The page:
6. Failing both in the matter of making adequate diagnostic distinctions between the types of persons and problems coming to them and in maintaining a disciplined recognition of the limitations In their individual skills and abilities to help people.6

On the other side of the coin, ministers, also, have distortions in their perception of social workers and Miller goes on to identify some of these:

1. Being too strictly humanistic in their point of view. [The preamble of the National Association of Social Workers' Code of Ethics makes reference to humanistic values in social work, however, makes no mention, whatsoever, of any spiritual criteria.]
2. Having an overly simplified and overly optimistic view of human nature.
3. Failing to take God, sin, salvation, and the spiritual side of reality sufficiently into account.
4. Seeking to substitute social adjustment for the more profound reorientations of life which people need.
5. Trying to eliminate the symptoms of guilt in persons without getting at the guilt itself and the reasons for it. 6. Ignoring the fact that people have religious needs and that many of their problems stem from deprivation in the area of these needs.7

Miller feels that the roots of the difference in opinion fall into four categories: (1) differences in interpretation and methods, (2) differences in the approach to the problems of guilt, (3) differences relating to the recognition of the necessity of maintaining safeguards and precautions for the protection of the integrity and worth of the client-parishioner, and (4) differences regarding the degree of certainty concerning the criteria of religious judgment as it pertains to the client-parishioner.8

Regarding the first, differences in interpretation and methods, although both professions are interested in helping people to function as adequately as possible, the approach of each differs at a very fundamental point. The social worker attempts to help the individual through understanding and accepting his problem and, as a result, build on his own strengths and resources. The clergyman, on the other hand, attempts to work toward a supernatural amelioration of the problem with the individual's submission to God being the primary source of solution.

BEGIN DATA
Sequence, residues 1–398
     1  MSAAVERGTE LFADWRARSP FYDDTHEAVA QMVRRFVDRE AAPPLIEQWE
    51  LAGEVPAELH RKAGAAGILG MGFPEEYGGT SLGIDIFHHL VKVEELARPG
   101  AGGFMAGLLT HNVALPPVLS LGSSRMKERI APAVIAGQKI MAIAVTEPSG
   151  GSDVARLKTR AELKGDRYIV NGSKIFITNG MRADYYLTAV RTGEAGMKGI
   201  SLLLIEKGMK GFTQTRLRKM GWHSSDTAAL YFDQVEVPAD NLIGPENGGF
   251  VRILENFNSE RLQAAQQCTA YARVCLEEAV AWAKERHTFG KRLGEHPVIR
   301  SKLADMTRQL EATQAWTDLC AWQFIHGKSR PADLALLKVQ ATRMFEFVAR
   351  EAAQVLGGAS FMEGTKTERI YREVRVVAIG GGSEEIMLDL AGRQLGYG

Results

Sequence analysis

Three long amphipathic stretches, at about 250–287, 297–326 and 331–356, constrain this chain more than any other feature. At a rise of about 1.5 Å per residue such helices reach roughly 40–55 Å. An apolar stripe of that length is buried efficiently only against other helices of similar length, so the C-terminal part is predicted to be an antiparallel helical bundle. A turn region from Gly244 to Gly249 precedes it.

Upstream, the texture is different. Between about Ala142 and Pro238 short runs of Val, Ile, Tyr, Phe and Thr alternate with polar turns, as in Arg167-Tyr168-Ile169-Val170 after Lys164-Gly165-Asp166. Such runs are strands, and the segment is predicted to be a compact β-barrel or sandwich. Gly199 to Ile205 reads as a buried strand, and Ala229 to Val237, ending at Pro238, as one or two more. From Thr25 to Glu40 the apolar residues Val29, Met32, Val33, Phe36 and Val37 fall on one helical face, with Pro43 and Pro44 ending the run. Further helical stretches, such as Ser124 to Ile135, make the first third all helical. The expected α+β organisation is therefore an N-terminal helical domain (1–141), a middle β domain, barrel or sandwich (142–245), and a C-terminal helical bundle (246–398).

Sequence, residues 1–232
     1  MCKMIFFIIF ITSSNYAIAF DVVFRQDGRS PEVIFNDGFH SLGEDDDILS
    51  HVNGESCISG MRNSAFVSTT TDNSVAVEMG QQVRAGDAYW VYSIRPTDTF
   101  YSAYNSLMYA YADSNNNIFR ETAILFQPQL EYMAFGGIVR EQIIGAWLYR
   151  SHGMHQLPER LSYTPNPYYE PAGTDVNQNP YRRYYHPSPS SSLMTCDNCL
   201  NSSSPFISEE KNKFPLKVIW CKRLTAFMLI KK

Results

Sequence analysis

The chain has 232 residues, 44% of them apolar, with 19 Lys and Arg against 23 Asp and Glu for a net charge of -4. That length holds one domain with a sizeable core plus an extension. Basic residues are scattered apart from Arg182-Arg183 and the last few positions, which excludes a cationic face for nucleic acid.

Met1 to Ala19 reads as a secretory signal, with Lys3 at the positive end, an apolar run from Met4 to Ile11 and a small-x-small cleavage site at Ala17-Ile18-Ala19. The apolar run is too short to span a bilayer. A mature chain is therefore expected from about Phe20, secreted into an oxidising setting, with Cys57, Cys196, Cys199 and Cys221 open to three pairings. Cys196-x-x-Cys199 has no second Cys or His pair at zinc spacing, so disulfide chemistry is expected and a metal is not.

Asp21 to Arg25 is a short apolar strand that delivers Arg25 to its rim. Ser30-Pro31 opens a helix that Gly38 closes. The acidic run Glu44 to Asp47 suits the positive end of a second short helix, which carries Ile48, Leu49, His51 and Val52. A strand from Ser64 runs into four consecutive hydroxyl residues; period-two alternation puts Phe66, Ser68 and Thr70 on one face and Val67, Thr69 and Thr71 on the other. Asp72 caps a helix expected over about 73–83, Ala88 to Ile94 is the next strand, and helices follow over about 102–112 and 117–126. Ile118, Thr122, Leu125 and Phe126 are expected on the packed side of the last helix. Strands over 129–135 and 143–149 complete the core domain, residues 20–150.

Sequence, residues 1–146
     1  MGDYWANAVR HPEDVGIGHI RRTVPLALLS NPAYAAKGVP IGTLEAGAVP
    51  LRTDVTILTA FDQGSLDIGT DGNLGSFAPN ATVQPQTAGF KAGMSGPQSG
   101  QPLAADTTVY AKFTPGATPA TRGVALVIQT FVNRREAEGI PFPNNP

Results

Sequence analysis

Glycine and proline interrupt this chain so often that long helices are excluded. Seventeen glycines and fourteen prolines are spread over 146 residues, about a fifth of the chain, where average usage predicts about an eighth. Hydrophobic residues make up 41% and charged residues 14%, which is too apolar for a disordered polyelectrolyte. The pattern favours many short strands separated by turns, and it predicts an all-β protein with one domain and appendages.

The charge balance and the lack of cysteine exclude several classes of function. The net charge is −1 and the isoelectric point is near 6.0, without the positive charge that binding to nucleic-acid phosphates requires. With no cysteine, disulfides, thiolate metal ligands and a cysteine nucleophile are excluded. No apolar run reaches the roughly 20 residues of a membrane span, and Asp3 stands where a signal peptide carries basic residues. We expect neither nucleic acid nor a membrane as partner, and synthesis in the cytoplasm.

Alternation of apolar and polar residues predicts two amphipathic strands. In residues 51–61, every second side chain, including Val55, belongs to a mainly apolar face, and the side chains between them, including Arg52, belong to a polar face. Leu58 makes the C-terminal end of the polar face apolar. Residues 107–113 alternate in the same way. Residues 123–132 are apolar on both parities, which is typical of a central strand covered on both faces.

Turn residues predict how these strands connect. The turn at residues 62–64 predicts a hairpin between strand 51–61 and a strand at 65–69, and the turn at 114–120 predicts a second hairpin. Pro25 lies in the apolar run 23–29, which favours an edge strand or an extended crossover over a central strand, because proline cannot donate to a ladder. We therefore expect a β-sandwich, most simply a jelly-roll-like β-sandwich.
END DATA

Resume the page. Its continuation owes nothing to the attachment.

In relation to problems pertaining to guilt there are also many points at which differences arise. Many social workers feel that religion, in itself, creates guilt which often will go on to disorganize and immobilize the individual. The social worker's role, when faced with a client manifesting extreme guilt feelings, is to help him understand the source of the feelings, what is involved in them, and how to handle the feelings in a constructive manner. To do this, the social worker must maintain a non-judgmental, accepting attitude toward the client neither condoning nor rejecting the behavior, values, etc. which may be an integral part of the problem. The clergyman, on the other hand, by virtue of the fact that he represents the church, cannot condone or even accept certain forms of behavior. The role of the clergyman in pastoral counseling would be to help the person realize that his guilt (unless it is neurotic in origin) is reasonable and a consequence of that person having broken a law of God. He would then lead his parishioner to the point where he could ask God for forgiveness and, as a result of that act, be relieved of not only the feelings but the guilt itself. Carrol A. Wise, author of a well-known text in pastoral counseling has stated the following:

The minister traditionally has felt that It Is a part of his task to interpret the laws of God and to lead people into a feeling of guilt where they have broken these laws. The minister has attempted to do this either by techniques of condemnation or by the opposite technique of leading people into a deeper insight into the laws of God and the realities of the human life. This second approach assumes that God himself pronounces judgment in the processes of life and the task of the minister is to help people Interpret and gain insight into their own experience.9